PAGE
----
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CMB-S4 Design Simulation Tool

Project description

CMB-S4 design simulation tool

Generate CMB-S4 simulated maps of foregrounds/atmosphere and noise based on the configuration of the experiment

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s4_design_sim_tool is a library, a command-line tool and a web interface to properly combine and weight pre-executed maps from time-domain and map-domain simulation based on input parameters and the instrument configuration (e.g. location of telescopes, distribution in frequency of the tubes).

The software is available in the CMB-S4/s4_design_sim_tool repository on Github, and can be installed locally with PyPI, it currently needs to run at NERSC to access the input maps:

pip install s4_design_sim_tool

the web interface is currently unavailable.

Releases and changelog


Configuration options

The simulation configuration is defined by a TOML text file, see for example the TOML configuration for the CMB-S4 baseline design: s4_design.toml

Sky emission

The first section of the configuration files defines which input components should be considered, it is possible to choose a weight between 0 and 1 for all components, for example we can simulate residual foregrounds after cleaning or partial de-lensing, and we can choose the tensor-to-scalar ratio r. For the case of partial de-lensing, consider that lensing is a non-linear and this is a very rough approximation, still it could be useful in same cases, for example low-ell BB modes.

Input maps are already top-hat bandpass integrated, beam-smoothed, and ran through a filter-and-bin mapmaking algorithm in time-domain, they are combined based on the configuration file and are not influenced by the experiment configuration. For more details, see the input maps section below and the Jupyter notebook with the implementation.


The second section defines the design of the instrument, it is possible to customize the number and location of SAT and LAT telescope and for each of them modify what tube are mounting, keeping the constraint of 3 tubes for SAT and 19 for LAT.

Scaling of atmospheric and instrument noise is performed with these assumption:

  • scale the 10-day simulations to 1 year considering the observing efficiency
  • scale by the detector-years for noise and telescope-years for atmosphere
  • for both emissions also consider the overall expected observing efficiency, for noise also consider the sensitivity factor

Therefore 2 tubes on the same telescope have the same atmospheric noise of 1 tube, to reduce noise from the atmosphere we need to distribute tubes across multiple telescopes. For instrument noise instead, it doesn't matter their distribution across telescopes, just their number.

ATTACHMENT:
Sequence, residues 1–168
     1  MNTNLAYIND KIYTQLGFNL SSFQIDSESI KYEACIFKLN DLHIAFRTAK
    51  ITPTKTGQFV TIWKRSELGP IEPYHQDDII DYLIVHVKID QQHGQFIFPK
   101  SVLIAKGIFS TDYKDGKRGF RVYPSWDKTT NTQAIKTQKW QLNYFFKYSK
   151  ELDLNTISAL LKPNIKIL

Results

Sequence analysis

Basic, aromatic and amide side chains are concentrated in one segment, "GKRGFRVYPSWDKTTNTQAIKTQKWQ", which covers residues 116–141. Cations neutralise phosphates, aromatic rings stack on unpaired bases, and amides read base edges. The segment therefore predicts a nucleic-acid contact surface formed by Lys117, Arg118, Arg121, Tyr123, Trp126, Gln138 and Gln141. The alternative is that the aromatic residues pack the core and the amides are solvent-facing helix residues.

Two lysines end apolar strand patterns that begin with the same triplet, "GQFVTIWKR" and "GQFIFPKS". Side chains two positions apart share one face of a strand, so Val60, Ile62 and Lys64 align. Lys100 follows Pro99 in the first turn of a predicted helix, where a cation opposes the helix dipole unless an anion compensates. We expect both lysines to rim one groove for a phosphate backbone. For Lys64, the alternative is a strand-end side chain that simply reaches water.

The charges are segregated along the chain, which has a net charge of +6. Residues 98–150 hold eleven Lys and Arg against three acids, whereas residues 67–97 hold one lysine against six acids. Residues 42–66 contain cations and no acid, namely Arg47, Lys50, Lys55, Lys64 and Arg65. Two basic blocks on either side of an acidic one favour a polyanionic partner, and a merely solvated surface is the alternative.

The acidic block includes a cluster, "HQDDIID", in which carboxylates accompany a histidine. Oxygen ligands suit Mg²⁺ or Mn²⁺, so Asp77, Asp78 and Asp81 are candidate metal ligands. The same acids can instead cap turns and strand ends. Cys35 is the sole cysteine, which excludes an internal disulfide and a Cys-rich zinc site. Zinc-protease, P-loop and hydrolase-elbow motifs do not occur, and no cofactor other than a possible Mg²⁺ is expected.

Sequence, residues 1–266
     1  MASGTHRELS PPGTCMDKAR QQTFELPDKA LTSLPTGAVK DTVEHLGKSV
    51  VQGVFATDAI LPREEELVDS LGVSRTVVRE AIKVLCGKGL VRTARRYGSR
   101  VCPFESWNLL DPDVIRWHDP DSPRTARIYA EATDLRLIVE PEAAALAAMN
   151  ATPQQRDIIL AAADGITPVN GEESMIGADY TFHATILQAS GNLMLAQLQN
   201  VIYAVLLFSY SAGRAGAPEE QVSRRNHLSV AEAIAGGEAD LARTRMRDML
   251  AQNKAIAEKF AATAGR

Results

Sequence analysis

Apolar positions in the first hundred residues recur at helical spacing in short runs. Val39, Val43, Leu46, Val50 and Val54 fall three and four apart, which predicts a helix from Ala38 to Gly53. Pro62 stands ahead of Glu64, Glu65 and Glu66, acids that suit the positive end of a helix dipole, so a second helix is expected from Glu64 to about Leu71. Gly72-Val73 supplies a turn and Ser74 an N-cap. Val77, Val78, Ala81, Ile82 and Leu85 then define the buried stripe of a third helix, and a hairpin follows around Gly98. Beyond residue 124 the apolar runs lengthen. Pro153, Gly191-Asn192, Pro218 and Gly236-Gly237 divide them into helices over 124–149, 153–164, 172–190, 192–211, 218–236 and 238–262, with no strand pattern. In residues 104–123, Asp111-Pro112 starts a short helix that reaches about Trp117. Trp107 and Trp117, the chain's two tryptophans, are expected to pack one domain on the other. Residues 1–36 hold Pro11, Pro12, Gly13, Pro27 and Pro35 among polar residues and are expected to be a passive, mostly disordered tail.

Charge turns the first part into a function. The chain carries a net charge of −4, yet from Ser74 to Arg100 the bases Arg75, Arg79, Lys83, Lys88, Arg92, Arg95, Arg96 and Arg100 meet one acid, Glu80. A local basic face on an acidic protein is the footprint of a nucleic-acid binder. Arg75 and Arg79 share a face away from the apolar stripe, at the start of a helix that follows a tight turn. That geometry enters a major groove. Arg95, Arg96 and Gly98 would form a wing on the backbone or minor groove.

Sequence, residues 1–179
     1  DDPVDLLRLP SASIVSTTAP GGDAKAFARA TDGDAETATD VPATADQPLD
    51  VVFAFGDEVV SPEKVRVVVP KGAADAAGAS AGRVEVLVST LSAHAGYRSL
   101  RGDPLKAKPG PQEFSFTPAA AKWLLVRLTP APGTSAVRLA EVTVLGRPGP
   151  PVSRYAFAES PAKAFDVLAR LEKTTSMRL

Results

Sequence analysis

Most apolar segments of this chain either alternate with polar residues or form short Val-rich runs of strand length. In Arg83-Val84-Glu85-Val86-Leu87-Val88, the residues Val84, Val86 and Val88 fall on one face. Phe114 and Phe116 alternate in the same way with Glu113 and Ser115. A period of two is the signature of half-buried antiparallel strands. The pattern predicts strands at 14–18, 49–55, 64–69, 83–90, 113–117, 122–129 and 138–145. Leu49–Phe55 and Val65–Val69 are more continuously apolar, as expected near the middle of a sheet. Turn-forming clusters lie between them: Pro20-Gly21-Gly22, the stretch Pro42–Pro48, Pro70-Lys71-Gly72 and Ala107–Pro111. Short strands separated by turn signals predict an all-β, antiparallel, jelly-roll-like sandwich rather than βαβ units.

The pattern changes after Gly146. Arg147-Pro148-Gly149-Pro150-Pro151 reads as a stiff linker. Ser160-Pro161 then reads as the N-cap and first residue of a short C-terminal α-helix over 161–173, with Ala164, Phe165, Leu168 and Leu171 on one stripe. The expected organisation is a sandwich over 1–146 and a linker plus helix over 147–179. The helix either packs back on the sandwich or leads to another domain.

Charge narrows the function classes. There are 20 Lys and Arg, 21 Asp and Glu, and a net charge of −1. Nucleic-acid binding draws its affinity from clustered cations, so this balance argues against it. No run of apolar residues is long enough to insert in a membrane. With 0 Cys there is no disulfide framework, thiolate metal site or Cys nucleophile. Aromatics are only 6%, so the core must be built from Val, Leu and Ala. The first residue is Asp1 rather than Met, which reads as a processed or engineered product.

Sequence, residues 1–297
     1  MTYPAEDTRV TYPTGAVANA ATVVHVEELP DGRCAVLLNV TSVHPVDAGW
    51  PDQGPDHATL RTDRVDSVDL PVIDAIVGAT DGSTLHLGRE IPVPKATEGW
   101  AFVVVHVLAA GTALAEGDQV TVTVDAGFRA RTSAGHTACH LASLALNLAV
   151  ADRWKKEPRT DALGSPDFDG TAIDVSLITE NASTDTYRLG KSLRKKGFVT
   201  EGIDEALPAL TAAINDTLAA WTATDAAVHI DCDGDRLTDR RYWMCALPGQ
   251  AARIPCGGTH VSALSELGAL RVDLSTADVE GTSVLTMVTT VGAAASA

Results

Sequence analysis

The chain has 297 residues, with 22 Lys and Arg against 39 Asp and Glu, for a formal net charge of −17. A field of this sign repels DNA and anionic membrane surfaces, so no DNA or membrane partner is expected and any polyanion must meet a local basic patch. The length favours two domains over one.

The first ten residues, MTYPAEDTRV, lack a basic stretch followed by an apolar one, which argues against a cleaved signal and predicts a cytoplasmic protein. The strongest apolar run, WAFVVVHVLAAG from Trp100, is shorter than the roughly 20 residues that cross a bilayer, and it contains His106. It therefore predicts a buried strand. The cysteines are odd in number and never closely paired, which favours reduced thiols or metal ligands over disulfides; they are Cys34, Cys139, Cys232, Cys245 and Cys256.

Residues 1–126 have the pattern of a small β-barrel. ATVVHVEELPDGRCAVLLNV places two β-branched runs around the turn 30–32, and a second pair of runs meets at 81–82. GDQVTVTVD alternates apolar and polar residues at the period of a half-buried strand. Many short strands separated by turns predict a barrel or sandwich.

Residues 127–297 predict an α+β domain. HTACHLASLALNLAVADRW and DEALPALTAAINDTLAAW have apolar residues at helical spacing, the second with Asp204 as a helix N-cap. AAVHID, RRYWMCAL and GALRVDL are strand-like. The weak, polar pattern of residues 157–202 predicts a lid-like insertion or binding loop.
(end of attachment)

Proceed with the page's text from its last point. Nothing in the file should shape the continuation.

For more details, see the input maps section below and the Jupyter notebooks with the implementation for the atmosphere and noise.


The tool supports loading up to 8 splits, which are suitable to simulate 1 full mission map and 7 yearly maps (or 7 interleaved splits). In this case, the tool will generate first a full mission map and then the number of splits requested, loading different realizations of atmosphere and noise and weighting them properly.

Input maps

Sky signal

  • Full-sky Nside 4096 (LAT) and Nside 512 (SAT)
  • Galactic, extragalactic and CMB
  • Bandpass integrated with tophat bandpasses from s4sim
  • Smoothed with gaussian beams

See the 202102_design_tool_input map based simulations.

Then the maps were used as inputs for a time-domain simulation with TOAST to simulate the effect of a filter-and-bin mapmaking with the CMB-S4 scanning strategy both for Pole and Chile.

Noise maps

Noise was simulated for one tube in each telescope. We observed according to a 10-day schedule without Sun or Moon avoidance. For Chile, the schedules already emulate the maximum observing efficiency. For simplicity, the Pole schedules only include one full scan of the respective patch per day. As a result, the Pole observing efficiencies are 46.29% (SAT) and 37.23% (LAT). These efficiencies must be accounted for by downweighting the Pole noise and atmospheric maps with their scheduled efficiences.

These factors should be corrected for the noise and atmosphere maps: map_out = map_in * sqrt(efficiency).

Also for expedience, we downsampled the densest focal planes to reduce the overall detector counts. These factors should be corrected for in the noise maps but not in the atmospheric maps: map_out = map_in / sqrt(thinfp).

More information about the noise and atmosphere simulations are available at:

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